Turning Things Around: Here Come the Washington Nationals
They are who we thought they were. Only in this case, that old Dennis Green chestnut is a good thing.
The Washington Nationals, who many predicted would win the World Series last year only to stumble to an 86-76 record, are now playing like the contenders most thought they were.
After taking the first two games of their three-game series against the best team in the National League so far this year, the San Francisco Giants, the Nats have now won 9 of their last 11, and are tied for first in the NL East with the Atlanta Braves with a 34-29 record. You could argue the Nationals' record should be even better than it is too, thanks to their 6-12 record in one-run games this year.
The Nats currently hold the second-best run differential in the NL (+46), trailing only those same Giants (+57). It's the third-best differential in all of baseball, with only Oakland's insane +127 better than San Francisco's and Washington's. Through 63 games a season ago, the Nats were a game under .500, at 31-32.
And according to numberFire's own Power Rankings, the Nationals are currently the fourth-best team in baseball, with a 36.0% chance of making the playoffs, a 2.8% chance of winning the World Series and a team-wide nERD of 0.65.
So, why are they having more success in 2014 and, in particular, the last two weeks?
|2013||3.60 (6)||3.58 (5)||3.31 (1)||7.60 (4)|
|2014||3.40 (4)||3.20 (1)||3.95 (1)||8.25 (1)|
As you can see, the starters are striking a ton of guys out and own the league's best strikeout-to-walk ratio, although they were also pretty darn good there last year. Over the last two weeks, the staff has been particularly dominant, with a 1.85 ERA and 2.15 FIP. And over the last eight games, the starters have pitched a combined 58 innings and struck out 54, walked two and allowed seven earned runs.
The biggest difference, however, has been in the 'pen.
|2013||3.56 (11)||3.50 (5)||74.8 (10)||.299 (4)||2.65 (4)|
|2014||2.18 (1)||2.99 (2)||80.4 (3)||.284 (10)||2.73 (7)|
Last year's relievers had an ERA of 3.56, 11th in the National League. This year it's 2.18, tops in the NL. However, when you look at their K/BB ratio, it's actually a little worse than last year - so what's been the difference? Right now, Washington relievers are doing a much better job keeping inherited runners from scoring, stranding 80.4% of runners, fourth-best in the NL, and far better than the 74.8% they stranded last year. They've also been a bit luckier on batting average on balls in play (BABAIP) at .284, the 10th-highest mark in the NL. Last year, it was .299, the fourth-highest in the National League.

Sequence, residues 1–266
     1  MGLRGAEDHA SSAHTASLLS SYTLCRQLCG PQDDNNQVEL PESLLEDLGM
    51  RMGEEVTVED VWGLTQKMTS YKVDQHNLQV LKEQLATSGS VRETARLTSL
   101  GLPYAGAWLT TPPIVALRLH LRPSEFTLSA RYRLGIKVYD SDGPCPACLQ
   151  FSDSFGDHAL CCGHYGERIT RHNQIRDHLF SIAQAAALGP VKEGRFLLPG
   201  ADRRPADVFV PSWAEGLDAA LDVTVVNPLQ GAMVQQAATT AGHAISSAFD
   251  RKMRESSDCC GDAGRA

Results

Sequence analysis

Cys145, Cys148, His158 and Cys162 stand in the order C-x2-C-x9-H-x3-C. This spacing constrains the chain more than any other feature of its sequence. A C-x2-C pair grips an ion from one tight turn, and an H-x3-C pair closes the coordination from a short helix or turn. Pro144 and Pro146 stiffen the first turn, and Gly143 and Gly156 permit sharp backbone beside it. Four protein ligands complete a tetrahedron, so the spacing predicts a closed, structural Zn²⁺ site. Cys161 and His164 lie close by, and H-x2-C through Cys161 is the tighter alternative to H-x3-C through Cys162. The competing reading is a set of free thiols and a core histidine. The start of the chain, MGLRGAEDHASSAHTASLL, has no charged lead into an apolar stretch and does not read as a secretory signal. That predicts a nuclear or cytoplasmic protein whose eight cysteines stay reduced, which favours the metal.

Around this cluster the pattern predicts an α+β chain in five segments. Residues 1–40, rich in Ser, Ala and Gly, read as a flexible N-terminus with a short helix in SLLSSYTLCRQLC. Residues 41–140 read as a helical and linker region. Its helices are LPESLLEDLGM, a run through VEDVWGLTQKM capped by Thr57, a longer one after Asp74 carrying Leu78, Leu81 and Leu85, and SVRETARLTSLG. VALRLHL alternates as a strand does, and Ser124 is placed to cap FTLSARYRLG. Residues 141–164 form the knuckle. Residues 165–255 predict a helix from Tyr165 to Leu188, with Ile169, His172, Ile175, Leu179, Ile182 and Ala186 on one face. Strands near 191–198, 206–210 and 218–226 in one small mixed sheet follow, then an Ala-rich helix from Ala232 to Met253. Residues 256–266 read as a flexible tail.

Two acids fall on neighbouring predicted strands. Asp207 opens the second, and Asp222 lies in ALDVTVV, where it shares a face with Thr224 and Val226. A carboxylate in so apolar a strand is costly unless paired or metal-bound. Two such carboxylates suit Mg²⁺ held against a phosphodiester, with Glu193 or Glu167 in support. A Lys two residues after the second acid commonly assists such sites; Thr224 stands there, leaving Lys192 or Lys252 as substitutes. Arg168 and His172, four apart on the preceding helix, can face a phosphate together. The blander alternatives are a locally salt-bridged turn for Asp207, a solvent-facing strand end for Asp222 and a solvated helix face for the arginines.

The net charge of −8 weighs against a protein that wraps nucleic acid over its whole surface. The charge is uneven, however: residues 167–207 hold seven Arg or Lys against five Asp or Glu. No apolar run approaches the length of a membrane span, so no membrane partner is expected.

A little luck never hurt anyone.
Offensively, the team is pretty much where they were last year:
|Batting||BA (NL Rank)||wOBA (NL Rank)||Runs (NL Rank)|
|2013||.251 (7)||.311 (8)||656 (6)|
|2014||.252 (8)||.316 (6)||265 (7)|
However, much of Washington's offensive output occurred late in the season when they were out of the race. Through their first 63 games last year, the Nats scored 219 runs, 3.47 runs per game. Through their first 63 this year, they've scored 267, an average of 4.23.
Simply put, Washington's doing a better job of scoring runs early in the season, supporting a pitching staff that is hurling out of their minds.
The question now becomes: Is it sustainable?
One would think so. Remember, this is largely the same team that went 98-64 and won the NL East by four games back in 2012. They have a solid rotation, an improved bullpen, and an offense that has been more consistent early in the season.
Oh, and the Nationals haven't even had Bryce Harper or Ryan Zimmerman for major chunks of the season. Zimmerman is back - in left field - while Harper will return at some point from the disabled list from an injured thumb.
It's likely Washington will be in the thick of the NL East race if they can stay healthy.